Strictly ballroom: Blackpool in Baoshan

Baoshan District has been hosting one of the world's top ballroom dancing competitions and festivals, the British Blackpool Dance Festival. 

Jiang Xiaowei / SHINE

Dancers show their skills at this year's Blackpool Dance Festival held in Baoshan District.

More than 3,000 of the world’s top ballroom dancers are taking part in an international dance competition and festival in northern Baoshan District that will end today.

The British Blackpool Dance Festival, known as the “Ballroom Dance Olympics,” began at the Baoshan Sports Center on August 16. Ballroom dancers from 25 nations and regions competed in a range of Latin and ballroom dancing disciplines at the annual festival.

Dance performances, training sessions, exhibitions, forums and public lectures have been held during this year's festival to promote ballroom dancing among local residents.

Ballroom dancing has been a popular activity in Shanghai for over a century and it is going through something of a renaissance in with this festival in Baoshan.

This is the third time the festival, which began in 1920 in the northern English town of Blackpool, has been held in Shanghai. In 2016, it was held outside of the UK for the first time at the Shanghai Grand Stage, where it attracted over 20,000 dancers and fans.

Ballroom dancing is an increasingly popular activity in Shanghai. Large numbers of enthusiasts can be found at local parks, public squares and communities, said Li Weiting, vice chairman of the Shanghai Sports Federation.

"The festival offers the best opportunity for local amateur dancers to communicate with the world’s top masters,” Li said.

As a new highlight of the festival this year, over 20 of the world’s top ballroom dancers gave talks and taught basic skills. These include former prize-winning Blackpool winners and senior dancing masters such as Troels Bager and Ina Jeliazkaova, Nino Langella and Andra, Arunas Bizokas and Katusha Demidova as well as Alexander Zhiratkov and Irina Novozhilova.

A conference was held to coincide with the festival, gathering domestic dancing experts, training organizations and agents. They looked at the development and business opportunities of ballroom dancing.

And an exhibition was held at the sports center, which included photos of previous Blackpool festivals.

At the end of the 14th century, European royal courts refined and standardized folk dances and developed them into court dances for entertainment and social activities.

With the industrialization of the West and the rise of the working class,these dance styles evolved into the ballroom dancing of today — the waltz, tango, foxtrot, quickstep and so on — which eventually spread across the world.

Over the past two decades, ballroom dancing has been a fast-growing business in China in the wake of the government’s drive for citizens to lead a healthier and more active lifestyle.

To cater to this growing demand, organizers also arranged for top dancers to offer a series of performances on the sidelines of the fierce competitions.

Sports Town

Baoshan, which has long been known for its heavy industries, is striving to improve its cultural scene. It aims to build more sports venues and facilities to turn the former industrial center into a "sports town".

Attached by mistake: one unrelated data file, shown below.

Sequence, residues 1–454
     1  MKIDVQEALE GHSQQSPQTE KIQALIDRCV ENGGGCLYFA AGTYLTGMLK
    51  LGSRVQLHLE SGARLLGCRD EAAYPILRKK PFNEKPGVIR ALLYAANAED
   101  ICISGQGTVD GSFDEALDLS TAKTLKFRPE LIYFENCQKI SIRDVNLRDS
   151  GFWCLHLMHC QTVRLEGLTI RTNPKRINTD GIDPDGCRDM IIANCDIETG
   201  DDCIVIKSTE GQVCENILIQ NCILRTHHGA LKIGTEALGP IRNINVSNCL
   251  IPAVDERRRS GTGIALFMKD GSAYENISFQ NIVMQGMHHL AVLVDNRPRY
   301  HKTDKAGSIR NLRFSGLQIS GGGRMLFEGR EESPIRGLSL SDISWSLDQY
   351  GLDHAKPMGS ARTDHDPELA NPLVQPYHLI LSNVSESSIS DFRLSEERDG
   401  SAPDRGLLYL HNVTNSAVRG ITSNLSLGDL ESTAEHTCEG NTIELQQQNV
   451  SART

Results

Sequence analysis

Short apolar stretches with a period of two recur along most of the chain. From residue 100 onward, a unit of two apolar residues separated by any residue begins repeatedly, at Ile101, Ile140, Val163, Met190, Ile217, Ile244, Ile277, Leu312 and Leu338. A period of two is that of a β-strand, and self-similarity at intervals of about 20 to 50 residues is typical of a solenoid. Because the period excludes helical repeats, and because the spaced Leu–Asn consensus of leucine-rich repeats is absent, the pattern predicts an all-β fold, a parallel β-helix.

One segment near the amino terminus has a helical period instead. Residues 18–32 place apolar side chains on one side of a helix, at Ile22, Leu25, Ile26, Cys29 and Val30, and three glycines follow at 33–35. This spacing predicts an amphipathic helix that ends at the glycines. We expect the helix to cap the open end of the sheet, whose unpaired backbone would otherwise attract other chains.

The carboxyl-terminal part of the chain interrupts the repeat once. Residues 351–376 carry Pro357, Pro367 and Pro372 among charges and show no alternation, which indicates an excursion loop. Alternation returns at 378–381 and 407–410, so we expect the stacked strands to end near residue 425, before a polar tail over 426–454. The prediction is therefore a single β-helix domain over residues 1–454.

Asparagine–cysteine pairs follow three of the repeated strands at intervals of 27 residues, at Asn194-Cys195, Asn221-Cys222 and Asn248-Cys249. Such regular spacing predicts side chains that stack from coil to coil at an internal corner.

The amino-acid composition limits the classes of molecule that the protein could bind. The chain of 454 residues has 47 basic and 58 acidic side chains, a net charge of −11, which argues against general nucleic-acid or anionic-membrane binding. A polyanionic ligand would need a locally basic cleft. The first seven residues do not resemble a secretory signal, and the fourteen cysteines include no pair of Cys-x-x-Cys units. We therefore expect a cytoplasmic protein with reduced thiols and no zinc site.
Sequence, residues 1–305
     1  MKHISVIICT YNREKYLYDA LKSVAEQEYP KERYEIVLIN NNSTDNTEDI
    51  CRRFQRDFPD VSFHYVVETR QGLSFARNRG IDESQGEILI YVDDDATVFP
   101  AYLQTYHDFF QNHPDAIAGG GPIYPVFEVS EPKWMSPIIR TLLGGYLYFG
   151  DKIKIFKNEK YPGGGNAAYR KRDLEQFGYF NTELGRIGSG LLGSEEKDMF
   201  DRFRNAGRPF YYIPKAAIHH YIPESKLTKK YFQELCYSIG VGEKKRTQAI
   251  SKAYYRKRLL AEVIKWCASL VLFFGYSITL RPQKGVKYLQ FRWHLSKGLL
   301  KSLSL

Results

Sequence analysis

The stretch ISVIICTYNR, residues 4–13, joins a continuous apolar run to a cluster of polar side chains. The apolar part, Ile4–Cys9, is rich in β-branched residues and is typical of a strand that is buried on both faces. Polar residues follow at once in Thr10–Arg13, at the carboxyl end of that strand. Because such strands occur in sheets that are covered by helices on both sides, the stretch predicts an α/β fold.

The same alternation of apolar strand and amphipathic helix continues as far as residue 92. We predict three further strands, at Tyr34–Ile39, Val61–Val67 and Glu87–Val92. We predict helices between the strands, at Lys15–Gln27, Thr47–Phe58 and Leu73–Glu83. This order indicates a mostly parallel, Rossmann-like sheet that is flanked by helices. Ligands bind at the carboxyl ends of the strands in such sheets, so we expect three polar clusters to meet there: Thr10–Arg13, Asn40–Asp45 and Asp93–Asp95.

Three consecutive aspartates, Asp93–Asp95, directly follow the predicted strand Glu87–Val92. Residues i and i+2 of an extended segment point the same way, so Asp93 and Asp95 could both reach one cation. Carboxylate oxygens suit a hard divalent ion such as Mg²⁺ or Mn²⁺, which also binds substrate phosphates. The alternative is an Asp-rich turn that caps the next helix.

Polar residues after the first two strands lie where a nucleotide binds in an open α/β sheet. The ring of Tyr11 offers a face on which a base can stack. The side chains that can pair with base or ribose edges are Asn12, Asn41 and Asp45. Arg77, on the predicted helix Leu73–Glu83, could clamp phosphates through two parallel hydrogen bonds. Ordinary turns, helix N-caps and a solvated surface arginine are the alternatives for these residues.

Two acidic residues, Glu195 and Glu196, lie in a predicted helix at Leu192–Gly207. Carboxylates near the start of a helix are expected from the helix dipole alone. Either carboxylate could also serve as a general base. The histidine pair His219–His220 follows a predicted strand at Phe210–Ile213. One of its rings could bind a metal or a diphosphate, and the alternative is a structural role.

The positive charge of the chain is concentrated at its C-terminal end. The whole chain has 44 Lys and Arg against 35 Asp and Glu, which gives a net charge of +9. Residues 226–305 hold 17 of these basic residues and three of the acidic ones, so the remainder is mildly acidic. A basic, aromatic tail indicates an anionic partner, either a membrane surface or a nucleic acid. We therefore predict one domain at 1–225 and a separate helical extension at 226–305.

The northern district aims to initially develop Baoshan into Shanghai's major training center for basketball and ballroom dancing, according to the Baoshan Sports Bureau. The district has cultivated many world-famous athletes, such as Xu Xin, the world No. 3 table tennis player, and Wu Jiaxin, the archer who reached the semi-finals at the 2016 Rio Olympics

The district plans a “basketball city” as a priority in its 13th five-year plan for the sports industry. The district government aims to create a unique basketball culture and organize a number of key grassroots basketball games among citizens throughout the year.

Professional-level basketball courts and sports parks will be built across Baoshan, including in its agricultural towns such as Luojing. The aim is to enable residents be able to reach a sports site within a 15-minute walk.

Currently, the district has a total of some 80,000 square meters of sports facilities. It hosts 1,200 sports events and competitions every year, with more than 900,000 Baoshan residents — or nearly half its population — taking part, according to the bureau.

Various public competitions are held, including a monthly "street basketball competition" on the first Saturday of every month at the Baoshan Sports Venue, a venue built to National Basketball Association standards.

The district hosted the summer league of the 2018 China Basketball Association in early August. Two Super Basketball League teams from Taiwan and six CBA teams from the mainland competed during the five-day competition, which is also the Cross Strait Yangtze River Delta Professional Basketball Club Challenge.

The government has also injected a large financial investment for cultural projects into thedistrict. Apart from the sports center,Baoshan will build China’s largest screen cinema at a former container dock on the bank of the Yangtze River.

The ball-shape Changtan Huge-screen Cinema with a diameter of about 35 meters will be the third largest in the world, after the LG IMAX Theatre in Sydney and Singapore's  IMAX cinema upon its completion in 2019. Its screen will be 22.4 meters wide and 12 meters tall.




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